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Aquarium of the Pacific goes viral with octopus on TikTok

tiktok aquarium of pacific

The Aquarium of the Pacific is using popular social media app TikTok to educate its fanbase of 340,000 followers after one of its videos went viral during the coronavirus crisis.

The Aquarium of the Pacific, the largest aquarium in Southern California, closed its venue earlier this year in response to the outbreak of COVID-19.

The aquarium joined TikTok in January and had just 160 followers until March. After one of their videos went viral during the closure, the attraction’s fanbase grew on the platform.

Madeline Walden, social media coordinator for the Aquarium of the Pacific, told Signal Tribune: “We try to make every single video, not just the cute stuff that would necessarily get the likes, but to tell a story and have some sort of conservation message or something that educates.”

Giant Pacific octopus goes viral on TikTok


We call this “Kraken Enrichment” 🐙🚤 #LearnOnTikTok #TikTokPartner #aquariumofthepacific

♬ Embrace Chaos – Daniel Ciurlizza

In addition to TikTok, the Aquarium of the Pacific has been offering webcams, online exhibits, and guest speaker videos, as well as family-friendly activities and educational content.

“It was really important to the leadership of the aquarium to be able to continue our mission and vision of connecting people with ocean education,” said senior manager of aquarium communications, Claire Atkinson.

“Just because our doors closed to the public didn’t mean that we stopped our mission.”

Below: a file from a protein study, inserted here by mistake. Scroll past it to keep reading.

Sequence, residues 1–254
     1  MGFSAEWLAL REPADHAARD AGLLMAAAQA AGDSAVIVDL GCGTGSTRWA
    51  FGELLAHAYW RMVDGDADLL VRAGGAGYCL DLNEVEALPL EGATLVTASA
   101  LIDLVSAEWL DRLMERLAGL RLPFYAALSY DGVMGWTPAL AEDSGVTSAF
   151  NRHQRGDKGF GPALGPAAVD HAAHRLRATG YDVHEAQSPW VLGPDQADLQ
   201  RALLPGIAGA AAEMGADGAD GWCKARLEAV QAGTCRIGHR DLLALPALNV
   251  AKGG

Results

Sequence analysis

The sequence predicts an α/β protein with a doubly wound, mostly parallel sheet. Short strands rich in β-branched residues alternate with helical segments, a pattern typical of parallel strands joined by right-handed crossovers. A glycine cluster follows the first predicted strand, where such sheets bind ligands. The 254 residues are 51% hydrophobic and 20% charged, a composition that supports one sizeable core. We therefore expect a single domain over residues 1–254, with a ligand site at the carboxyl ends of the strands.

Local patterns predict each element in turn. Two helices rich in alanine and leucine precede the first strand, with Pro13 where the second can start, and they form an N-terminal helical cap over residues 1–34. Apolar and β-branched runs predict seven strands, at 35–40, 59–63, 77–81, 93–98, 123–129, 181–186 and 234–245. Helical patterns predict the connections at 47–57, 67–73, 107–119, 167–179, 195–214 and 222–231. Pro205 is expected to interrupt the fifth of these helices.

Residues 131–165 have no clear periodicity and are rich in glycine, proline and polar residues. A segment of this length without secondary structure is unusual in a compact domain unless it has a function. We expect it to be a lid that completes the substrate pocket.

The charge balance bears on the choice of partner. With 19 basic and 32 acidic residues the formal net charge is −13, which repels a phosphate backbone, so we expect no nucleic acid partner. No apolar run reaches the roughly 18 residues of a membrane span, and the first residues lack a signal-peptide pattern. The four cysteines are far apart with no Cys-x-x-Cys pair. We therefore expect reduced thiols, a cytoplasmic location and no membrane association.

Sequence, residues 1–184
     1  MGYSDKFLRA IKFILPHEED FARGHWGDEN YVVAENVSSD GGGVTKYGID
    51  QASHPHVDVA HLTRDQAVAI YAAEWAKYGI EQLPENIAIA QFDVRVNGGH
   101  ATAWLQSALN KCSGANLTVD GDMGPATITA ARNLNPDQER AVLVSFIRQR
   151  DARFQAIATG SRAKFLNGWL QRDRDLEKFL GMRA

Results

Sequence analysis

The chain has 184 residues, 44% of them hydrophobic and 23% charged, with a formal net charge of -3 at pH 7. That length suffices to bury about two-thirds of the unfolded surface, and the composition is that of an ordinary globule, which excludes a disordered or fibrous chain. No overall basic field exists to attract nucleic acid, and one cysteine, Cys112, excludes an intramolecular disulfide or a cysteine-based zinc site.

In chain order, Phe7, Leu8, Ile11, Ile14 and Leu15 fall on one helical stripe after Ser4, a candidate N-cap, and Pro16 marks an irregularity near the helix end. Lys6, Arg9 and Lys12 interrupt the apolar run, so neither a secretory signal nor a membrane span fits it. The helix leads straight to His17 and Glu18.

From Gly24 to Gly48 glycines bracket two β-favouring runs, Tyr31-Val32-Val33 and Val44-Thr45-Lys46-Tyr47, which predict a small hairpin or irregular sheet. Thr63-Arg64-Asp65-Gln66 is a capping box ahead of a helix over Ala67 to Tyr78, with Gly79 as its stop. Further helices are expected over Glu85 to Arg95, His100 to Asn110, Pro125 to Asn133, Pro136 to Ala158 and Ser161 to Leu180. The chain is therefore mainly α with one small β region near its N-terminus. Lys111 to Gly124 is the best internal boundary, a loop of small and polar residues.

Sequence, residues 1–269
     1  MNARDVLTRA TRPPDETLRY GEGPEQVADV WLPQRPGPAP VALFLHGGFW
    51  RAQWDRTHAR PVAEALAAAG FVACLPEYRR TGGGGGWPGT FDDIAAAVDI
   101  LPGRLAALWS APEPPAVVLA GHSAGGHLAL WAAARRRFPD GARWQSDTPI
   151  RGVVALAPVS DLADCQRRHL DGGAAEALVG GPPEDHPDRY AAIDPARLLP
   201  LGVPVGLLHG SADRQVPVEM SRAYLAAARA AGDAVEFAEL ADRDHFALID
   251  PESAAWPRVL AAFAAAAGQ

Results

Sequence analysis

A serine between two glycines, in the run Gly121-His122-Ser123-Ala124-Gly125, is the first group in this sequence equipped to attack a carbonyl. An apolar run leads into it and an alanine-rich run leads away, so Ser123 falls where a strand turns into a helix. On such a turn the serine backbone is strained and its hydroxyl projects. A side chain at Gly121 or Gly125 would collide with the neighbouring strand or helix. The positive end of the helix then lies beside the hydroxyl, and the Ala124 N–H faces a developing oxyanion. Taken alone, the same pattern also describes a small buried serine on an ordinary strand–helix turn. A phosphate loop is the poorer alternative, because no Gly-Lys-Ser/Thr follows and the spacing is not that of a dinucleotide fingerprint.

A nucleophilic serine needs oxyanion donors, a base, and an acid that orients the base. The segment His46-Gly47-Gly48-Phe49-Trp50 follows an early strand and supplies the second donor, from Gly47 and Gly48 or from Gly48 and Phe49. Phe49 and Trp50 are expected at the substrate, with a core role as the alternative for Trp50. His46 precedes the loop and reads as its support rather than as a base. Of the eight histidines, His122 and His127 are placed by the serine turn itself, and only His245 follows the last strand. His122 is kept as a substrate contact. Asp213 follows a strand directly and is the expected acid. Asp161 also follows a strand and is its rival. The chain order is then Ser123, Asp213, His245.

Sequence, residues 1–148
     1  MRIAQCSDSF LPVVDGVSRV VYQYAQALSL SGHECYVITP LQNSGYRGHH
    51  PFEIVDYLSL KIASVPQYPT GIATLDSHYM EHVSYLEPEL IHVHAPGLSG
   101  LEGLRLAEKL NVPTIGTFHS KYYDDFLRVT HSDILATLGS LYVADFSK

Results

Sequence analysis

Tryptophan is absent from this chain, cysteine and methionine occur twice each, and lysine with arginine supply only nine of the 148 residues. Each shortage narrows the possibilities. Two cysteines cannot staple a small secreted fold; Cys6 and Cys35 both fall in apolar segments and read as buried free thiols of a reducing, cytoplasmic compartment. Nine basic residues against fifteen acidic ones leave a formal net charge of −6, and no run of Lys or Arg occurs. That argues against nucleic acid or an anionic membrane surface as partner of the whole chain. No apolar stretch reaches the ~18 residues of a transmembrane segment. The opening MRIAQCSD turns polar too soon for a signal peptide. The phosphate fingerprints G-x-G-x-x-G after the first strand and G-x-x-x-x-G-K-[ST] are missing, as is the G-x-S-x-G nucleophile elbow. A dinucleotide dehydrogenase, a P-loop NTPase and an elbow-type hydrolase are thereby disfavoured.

In one video, which had 5.7 million views and 1.2 million likes, the aquarium’s giant Pacific octopus Godzilla enjoys a toy boat full of tasty mussels.

Dancing sea lion attracts 1.9 million views


Wow, sea lions can really dance. #aquariumofthepacific

♬ Coincidance – Handsome Dancer

Another video, which had 1.9 million views, reveals a dancing sea lion. Footage of the closed aquarium garnered 1.2 million views.

“Kids and parents are stuck at home together. A lot of people are looking for educational content online and ways to keep their kids engaged,” said Atkinson.

The Uffizi Gallery in Florence also launched on TikTok during the coronavirus pandemic, sharing videos of classic artworks dancing to modern music.

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Bea Mitchell

Bea is a journalist specialising in entertainment, attractions and tech with 10 years' experience. She has written and edited for publications including CNET, BuzzFeed, Digital Spy, Evening Standard and BBC. Bea graduated from King's College London and has an MA in journalism.

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